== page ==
Pavia, Italycomune di Paviahistory
Romanesque facades with oculi include San Miniato al Monte, Florence, 11th century, San Michele, Pavia, c. 1117, and Pistoia Cathedral, 1150.

Old St Paul's Cathedral

St Paul's CathedralSt PaulOld St. Paul's Cathedral
In England, the use of the rose window was commonly confined to the transepts although roses of great span were constructed in the west front of Byland Abbey and in the east front of Old St. Paul's Cathedral in London.
The cathedral's stained glass was reputed to be the best in the country, and the east-end Rose window was particularly exquisite.

Transept

transeptsNorth Transeptsemitransept
The next important development in its use for the Gothic style was to put it under a pointed arch, as was done in the Notre-Dame de Reims (after 1241), in the transepts as well as in the later roses of the facade.
The north and south end walls often hold decorated windows of stained glass, such as rose windows, in stone tracery.

Durham Cathedral

DurhamCathedralDean and Chapter of Durham
Medieval rose windows occur at the cathedrals of York, Lincoln, Canterbury, Durham and Oxford.
It is the work of Clayton and Bell, who were also responsible for the Te Deum window in the South Transept (1869), the Four Doctors window in the North Transept (1875), and the Rose Window of Christ in Majesty (c.

Basilica of Saint-Denis

Basilica of St DenisSaint Denis BasilicaAbbey of Saint-Denis
Examples can be seen at Notre Dame, Paris (see left), the Basilica of Saint Denis (see left), Chartres Cathedral (see above), Reims Cathedral, Amiens Cathedral and Strasbourg Cathedral (see introductory pictures.) The transition from the Romanesque style to the Gothic was not clear cut, even at the Abbey of St Denis, to the north of Paris, where the Abbot Suger, between 1130 and 1144, gathered the various newly emerging features of Gothic into a single building, thereby “creating” the Gothic style.
The rose window at the centre of the upper story of the west portal was also innovative and influential.

Chartres Cathedral

Cathedral of ChartresChartrescathedral
Examples can be seen at Notre Dame, Paris (see left), the Basilica of Saint Denis (see left), Chartres Cathedral (see above), Reims Cathedral, Amiens Cathedral and Strasbourg Cathedral (see introductory pictures.) Along with the simple wheel windows of the late Norman period in England, Germany and Italy, a large late 12th-century window still exists at Chartres Cathedral.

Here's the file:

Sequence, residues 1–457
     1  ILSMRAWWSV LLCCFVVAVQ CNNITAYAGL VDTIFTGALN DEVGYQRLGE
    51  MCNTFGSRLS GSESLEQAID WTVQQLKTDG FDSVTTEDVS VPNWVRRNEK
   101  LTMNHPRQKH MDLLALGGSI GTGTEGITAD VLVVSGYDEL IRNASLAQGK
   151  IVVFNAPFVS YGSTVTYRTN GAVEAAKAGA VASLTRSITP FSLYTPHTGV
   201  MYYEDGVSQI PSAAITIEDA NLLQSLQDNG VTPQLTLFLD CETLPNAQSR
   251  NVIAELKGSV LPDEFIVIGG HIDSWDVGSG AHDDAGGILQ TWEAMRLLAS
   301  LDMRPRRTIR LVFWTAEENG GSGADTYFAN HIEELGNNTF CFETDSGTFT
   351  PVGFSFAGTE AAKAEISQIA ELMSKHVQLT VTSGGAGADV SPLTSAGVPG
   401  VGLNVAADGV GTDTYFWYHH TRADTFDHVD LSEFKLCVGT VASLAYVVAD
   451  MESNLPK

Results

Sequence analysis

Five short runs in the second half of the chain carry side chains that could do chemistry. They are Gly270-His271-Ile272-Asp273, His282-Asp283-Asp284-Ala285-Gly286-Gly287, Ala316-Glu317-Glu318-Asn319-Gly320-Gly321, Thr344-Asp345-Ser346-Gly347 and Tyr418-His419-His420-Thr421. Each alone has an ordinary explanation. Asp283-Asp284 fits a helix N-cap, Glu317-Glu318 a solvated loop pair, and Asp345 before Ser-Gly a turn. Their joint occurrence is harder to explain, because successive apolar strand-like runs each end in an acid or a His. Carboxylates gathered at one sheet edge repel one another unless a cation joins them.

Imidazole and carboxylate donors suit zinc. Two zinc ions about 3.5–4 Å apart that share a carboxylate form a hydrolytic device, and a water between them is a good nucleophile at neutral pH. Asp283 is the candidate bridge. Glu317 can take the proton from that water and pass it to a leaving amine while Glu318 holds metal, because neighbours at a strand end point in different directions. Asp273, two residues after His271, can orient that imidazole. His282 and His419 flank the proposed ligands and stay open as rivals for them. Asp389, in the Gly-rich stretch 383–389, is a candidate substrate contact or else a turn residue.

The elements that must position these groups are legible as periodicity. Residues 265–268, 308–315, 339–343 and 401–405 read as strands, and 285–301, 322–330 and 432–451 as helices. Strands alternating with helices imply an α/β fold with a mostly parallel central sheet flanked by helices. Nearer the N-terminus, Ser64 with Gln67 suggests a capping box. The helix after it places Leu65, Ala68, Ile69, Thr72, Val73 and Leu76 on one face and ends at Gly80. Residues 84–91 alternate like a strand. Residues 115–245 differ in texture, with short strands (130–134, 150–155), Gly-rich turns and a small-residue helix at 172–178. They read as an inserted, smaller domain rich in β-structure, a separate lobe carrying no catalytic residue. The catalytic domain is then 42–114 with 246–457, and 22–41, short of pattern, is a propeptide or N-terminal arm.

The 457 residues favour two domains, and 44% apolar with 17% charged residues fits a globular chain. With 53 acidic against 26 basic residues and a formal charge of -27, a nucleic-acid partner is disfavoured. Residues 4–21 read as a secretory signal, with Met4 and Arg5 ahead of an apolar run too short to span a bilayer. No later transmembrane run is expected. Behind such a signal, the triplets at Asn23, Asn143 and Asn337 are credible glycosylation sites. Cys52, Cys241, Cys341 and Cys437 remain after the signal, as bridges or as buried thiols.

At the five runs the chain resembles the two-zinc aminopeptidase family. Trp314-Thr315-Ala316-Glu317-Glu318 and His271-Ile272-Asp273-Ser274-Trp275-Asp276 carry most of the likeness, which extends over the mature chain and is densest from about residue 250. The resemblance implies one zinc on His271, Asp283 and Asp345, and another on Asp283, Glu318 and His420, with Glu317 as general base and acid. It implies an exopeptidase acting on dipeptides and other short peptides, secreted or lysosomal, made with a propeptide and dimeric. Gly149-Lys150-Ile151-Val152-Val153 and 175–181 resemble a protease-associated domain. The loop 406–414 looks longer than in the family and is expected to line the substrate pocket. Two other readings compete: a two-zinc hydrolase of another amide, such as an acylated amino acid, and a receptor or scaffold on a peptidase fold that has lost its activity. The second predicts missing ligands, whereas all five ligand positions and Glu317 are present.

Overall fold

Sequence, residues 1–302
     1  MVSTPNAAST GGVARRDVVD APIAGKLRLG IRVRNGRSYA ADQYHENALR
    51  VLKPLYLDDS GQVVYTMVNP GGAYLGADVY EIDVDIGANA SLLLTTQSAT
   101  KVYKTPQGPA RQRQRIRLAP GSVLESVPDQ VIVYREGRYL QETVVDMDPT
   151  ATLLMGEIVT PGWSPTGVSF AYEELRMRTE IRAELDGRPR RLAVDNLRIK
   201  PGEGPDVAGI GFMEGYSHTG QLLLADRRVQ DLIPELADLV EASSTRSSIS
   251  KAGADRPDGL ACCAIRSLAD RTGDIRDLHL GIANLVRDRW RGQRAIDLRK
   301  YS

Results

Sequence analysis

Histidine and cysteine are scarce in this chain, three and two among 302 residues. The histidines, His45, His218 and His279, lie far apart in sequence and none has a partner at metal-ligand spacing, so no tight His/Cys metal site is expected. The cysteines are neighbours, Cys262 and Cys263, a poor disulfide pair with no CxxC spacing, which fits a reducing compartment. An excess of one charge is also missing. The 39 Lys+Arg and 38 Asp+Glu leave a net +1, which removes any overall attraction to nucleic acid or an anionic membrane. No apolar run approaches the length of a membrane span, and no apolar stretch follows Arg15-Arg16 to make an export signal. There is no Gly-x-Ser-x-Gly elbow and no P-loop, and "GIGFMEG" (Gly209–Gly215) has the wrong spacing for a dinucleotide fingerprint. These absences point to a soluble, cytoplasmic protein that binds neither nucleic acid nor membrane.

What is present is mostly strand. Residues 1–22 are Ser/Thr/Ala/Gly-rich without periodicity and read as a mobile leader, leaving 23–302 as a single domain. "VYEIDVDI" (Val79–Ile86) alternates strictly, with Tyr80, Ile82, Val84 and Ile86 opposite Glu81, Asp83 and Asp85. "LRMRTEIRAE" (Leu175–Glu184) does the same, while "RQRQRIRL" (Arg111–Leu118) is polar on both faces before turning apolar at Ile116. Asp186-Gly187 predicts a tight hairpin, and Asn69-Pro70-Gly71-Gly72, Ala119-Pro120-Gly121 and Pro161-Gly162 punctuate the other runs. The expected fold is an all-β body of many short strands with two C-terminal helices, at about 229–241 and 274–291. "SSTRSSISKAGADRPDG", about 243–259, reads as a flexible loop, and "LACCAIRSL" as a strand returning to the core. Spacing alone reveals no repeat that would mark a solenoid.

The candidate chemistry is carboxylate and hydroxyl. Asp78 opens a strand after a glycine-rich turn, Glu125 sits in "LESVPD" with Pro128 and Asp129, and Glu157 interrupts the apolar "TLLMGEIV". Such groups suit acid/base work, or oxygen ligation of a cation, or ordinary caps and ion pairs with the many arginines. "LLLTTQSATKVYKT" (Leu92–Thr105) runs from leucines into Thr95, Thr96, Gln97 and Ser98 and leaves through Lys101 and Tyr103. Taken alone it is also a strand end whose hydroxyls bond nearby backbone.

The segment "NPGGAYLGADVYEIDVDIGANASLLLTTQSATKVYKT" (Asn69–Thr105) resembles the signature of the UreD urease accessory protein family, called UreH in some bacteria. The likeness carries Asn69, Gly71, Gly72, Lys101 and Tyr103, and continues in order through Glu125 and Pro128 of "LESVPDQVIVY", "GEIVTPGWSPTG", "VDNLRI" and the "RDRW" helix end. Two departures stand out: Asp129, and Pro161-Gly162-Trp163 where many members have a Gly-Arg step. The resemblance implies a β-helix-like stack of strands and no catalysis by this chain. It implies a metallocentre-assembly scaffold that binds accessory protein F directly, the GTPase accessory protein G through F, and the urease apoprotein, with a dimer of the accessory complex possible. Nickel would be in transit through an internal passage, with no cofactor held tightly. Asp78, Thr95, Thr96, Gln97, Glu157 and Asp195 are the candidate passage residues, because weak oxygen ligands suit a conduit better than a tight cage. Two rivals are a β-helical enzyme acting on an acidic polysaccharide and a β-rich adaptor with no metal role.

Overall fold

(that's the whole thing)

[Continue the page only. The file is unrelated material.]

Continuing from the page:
The cathedral has three large rose windows.

Eugène Viollet-le-Duc

Viollet-le-DucEugene Viollet-le-DucEugène Emmanuel Viollet-le-Duc
It no longer has its original form, but a mid-19th-century drawing by the restorer Viollet-le-Duc indicates that it had a very large ocular space at the centre, the glass supported by an iron hoop, and surrounded by simple semicircular cusped lobes cut out of flat stone in a technique known as "plate tracery".
When he modified the choir, he also constructed new bays with small gothic rose windows modelled on those in the church of Chars, in the Oise Valley.

St Mary's Cathedral, Sydney

St Mary's CathedralSt. Mary's CathedralSt. Mary's Cathedral, Sydney
A number of Australia's cathedrals have Gothic Revival rose windows including three by William Wardell at St Mary's Cathedral, Sydney and another at St Patrick's Cathedral, Melbourne which form the upper part of a very large seven-light window in the west end.
There are two more large rose windows, one in each of the transepts.

Suger

Abbot SugerAbbe SugerAbbé Suger
The transition from the Romanesque style to the Gothic was not clear cut, even at the Abbey of St Denis, to the north of Paris, where the Abbot Suger, between 1130 and 1144, gathered the various newly emerging features of Gothic into a single building, thereby “creating” the Gothic style.
The rose window above the West portal is the earliest-known such example, although Romanesque circular windows preceded it in general form.